Like many individual investors out there, my first lesson into stock investing focused on the key metrics. Within a few hours I felt like a Wall Street insider – throwing around previously unfamiliar terms like P/E and current ratio. The secret to investing was seemingly simple.
Step 1: Identify those companies with superior metrics relative to their industry peers.
Step 2: Profit!
However, over time I’ve learned how things are a bit more nuanced than they are at face value, and a deeper understanding of what influences certain metrics is necessary to make intelligent investing decisions. Take for example the return on equity (ROE) metric. What a neat little ratio! It’s so easy to calculate:
Net income / owner’s equity
This literally tells an investor how much profit the company generated for each dollar of shareholder investment. It’s a very popular measurement of management’s ability to maximize shareholder return. It stands to reason that as an investor I want a company I own to have the highest ROE possible. Well … maybe not exactly. I’ll explain by comparing three industrial companies with similar products: Deere & Company (NYSE:DE), Caterpillar Inc. (NYSE:CAT), and CNH Global NV (NYSE:CNH).
At first glance, Deere & Company (NYSE:DE) appears to be the best investment based on ROE. I’ve calculated all metrics using 2012 annual report data for each company.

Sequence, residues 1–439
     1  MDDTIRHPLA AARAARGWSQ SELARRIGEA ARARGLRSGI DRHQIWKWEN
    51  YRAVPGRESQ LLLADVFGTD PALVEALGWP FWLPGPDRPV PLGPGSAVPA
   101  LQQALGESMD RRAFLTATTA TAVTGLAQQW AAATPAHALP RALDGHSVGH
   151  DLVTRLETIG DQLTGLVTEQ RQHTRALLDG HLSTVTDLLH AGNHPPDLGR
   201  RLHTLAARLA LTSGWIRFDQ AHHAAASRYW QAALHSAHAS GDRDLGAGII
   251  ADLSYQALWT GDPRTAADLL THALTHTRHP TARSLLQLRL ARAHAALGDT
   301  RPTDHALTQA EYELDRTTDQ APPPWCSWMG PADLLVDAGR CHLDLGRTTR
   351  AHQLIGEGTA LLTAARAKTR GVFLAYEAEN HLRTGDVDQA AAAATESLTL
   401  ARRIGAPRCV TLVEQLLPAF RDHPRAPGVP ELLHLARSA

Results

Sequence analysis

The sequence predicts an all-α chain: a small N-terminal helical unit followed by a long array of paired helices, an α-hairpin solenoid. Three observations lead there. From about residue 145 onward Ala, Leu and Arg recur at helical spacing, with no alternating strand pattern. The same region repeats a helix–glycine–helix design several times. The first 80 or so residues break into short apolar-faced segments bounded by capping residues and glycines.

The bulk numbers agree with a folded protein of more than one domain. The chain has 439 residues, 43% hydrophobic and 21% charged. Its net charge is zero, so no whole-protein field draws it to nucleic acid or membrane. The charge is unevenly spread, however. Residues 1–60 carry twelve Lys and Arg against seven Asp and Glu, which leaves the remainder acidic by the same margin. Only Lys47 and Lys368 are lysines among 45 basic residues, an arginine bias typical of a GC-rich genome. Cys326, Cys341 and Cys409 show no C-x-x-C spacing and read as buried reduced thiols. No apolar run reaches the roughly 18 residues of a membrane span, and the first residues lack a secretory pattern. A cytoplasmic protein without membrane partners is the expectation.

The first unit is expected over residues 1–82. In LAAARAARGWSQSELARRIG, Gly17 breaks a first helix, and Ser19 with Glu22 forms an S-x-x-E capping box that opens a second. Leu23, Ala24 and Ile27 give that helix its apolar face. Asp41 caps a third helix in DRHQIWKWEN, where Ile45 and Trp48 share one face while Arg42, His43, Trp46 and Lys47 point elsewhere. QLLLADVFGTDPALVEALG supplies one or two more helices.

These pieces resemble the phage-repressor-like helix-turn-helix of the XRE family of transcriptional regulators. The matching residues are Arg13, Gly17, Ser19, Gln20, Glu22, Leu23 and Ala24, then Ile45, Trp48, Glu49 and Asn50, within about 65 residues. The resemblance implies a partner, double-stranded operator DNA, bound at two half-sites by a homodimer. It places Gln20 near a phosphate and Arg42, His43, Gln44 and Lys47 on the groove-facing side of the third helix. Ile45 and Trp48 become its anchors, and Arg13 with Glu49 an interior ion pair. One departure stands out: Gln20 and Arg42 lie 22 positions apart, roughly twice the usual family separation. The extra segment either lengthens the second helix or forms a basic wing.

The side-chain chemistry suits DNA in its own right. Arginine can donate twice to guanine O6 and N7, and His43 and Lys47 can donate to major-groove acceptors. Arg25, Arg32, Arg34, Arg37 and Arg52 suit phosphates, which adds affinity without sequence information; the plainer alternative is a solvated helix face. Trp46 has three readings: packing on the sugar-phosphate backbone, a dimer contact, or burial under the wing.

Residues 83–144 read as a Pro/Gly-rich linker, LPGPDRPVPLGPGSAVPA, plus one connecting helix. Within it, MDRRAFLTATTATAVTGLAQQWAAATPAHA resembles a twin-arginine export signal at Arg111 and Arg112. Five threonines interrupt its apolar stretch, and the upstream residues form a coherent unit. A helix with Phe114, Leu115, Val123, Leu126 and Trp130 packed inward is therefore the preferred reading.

Easy enough. Time to contact my broker and then sit back and look ahead to that next black-tie party where I can gloat over my obscene profiting due to proprietary investing acumen. Or, I could take a deeper look at this picture to gain greater insight. As mentioned before, ROE is a function of net income and stockholder equity. Net income is a hard figure; it can’t really be manipulated by management. Certainly management’s effectiveness at their job will impact net income, but at the end of the fiscal year it is what it is. Equity, on the other hand, can be easily manipulated. A very basic formula of financial accounting is:
Assets = liabilities + owner equity.
It’s pretty straightforward; just think about buying a $100,000 house. Assume a buyer puts 10% down and takes out a mortgage to pay the rest. The buyer will have a $100,000 house (an asset), a $90,000 mortgage (a liability), and $10,000 of ownership (equity). It becomes clear that management can reduce shareholder equity by increasing debt. Since equity is the denominator in the ROE equation, a reduction in equity will increase ROE assuming net income is unchanged.
Considering a few more related metrics will paint a more complete picture in comparing these three companies.
Return on sales (ROS) = net income / sales
– Commonly referred to as net profit margin
Return on assets (ROA) = net income / assets
– Measures the amount of profit for each dollar invested in assets
Asset turnover = sales / assets
– Measures the amount of sales generated from each dollar invested in assets